Distinct Facial Features Linked To Boys With Autism

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COLUMBIA - A group of MU researchers reports it has found certain facial characteristics indicate autism in boys.

Kristina Aldridge, assistant professor of anatomy and pathological sciences in MU's School of Medicine, worked with a team of six researchers to analyze 64 boys with autism and 41 boys without autism. The children's age ranged from eight to 12 years old.

A 3-D camera was used to capture an image of each child's head and mapped 17 points on each child's face. "What we found was in looking at the statistical patterns of the overall shapes of their faces that the boys with autism have a systematic, really subtle, but systematic difference as compared to the boys without autism," Aldridge explained.

They found there were differences in the middle region of the face. "The middle region of the face, it's a little bit shorter in boys with autism. Their eyes are wider, so they have big beautiful eyes, and they have broader mouths as compared to the boys that do not have autism," Aldridge said.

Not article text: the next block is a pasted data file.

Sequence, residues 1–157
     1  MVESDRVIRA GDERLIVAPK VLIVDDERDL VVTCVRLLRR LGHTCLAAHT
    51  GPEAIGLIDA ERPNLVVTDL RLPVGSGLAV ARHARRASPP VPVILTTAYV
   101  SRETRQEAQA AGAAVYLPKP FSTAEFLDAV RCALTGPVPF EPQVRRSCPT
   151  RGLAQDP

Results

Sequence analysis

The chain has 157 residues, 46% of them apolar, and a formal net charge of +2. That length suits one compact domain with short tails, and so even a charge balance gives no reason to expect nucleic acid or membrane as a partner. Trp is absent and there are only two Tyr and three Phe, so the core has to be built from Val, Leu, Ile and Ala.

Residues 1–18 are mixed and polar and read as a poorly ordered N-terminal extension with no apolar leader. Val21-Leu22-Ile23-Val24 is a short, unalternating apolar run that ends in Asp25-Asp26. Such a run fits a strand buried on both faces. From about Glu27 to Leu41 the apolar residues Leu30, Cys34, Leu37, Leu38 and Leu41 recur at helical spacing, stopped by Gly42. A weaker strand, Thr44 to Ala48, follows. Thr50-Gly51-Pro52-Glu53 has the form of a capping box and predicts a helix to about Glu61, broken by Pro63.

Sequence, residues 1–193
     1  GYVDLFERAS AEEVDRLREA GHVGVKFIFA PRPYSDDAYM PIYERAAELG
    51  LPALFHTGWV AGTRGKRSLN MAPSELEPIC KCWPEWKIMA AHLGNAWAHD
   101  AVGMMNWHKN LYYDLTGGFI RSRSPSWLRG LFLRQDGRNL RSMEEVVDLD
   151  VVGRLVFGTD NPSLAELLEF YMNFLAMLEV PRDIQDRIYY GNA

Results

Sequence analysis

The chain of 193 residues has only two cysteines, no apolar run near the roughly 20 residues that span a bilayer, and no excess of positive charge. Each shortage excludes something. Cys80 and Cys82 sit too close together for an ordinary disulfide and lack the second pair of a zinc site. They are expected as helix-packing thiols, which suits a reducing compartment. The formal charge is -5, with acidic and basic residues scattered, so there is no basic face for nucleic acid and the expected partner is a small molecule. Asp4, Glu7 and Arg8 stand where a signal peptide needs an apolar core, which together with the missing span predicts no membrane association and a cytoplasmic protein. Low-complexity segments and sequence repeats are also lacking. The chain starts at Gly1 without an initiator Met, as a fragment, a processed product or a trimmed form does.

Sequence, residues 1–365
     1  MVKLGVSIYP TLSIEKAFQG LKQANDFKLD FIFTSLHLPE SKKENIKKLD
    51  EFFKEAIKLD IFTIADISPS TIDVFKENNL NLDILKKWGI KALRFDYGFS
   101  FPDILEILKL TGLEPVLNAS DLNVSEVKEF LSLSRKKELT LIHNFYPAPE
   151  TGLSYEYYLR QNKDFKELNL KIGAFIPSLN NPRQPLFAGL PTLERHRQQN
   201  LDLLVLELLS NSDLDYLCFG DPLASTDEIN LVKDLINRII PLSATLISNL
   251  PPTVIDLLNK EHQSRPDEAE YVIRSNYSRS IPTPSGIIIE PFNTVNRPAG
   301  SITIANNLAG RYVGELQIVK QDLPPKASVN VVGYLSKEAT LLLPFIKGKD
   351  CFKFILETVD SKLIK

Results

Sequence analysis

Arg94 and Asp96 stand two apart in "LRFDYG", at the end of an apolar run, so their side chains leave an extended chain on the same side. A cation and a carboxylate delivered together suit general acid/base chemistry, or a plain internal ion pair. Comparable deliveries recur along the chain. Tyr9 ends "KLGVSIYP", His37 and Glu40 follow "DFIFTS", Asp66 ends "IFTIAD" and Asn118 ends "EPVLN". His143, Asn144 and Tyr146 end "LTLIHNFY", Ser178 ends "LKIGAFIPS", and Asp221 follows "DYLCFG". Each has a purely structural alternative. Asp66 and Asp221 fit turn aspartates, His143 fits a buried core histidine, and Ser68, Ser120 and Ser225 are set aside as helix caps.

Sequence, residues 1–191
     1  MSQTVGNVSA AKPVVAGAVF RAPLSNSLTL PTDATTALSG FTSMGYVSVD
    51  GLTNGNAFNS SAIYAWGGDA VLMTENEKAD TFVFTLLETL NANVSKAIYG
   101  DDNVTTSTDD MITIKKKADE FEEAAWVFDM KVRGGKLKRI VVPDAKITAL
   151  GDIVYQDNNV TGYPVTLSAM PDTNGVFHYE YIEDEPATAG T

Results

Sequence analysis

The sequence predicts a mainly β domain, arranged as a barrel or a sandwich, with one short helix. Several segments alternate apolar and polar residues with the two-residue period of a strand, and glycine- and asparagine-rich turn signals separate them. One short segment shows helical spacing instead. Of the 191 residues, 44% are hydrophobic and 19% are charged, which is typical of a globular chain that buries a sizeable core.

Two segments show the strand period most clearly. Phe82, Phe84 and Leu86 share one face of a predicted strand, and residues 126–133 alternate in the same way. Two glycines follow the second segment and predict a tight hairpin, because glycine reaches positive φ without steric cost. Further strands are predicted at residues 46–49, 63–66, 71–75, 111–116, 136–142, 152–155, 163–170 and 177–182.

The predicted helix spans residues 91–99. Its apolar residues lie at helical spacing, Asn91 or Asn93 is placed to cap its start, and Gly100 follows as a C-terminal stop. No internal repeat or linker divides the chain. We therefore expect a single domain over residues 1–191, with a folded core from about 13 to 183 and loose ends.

The research also showed there are two subgroups found within the children with autism. Those differences correspond with behavioral differences including eating habits.

The study began more than four years ago in 2008. "We know that there is an effect on the brain in autism, that is the resulting behavioral differences in kids with autism so we would expect given their intimate relationship during development there would be some subtle differences in the face as well," Aldridge explained.

The team worked with patients of the MU Thompson Center to complete its study. "We really appreciate the families being able to participate in research. The Thompson Center is always appreciative of the families and all of the help that the community has provided to the Thompson Center," Aldridge said.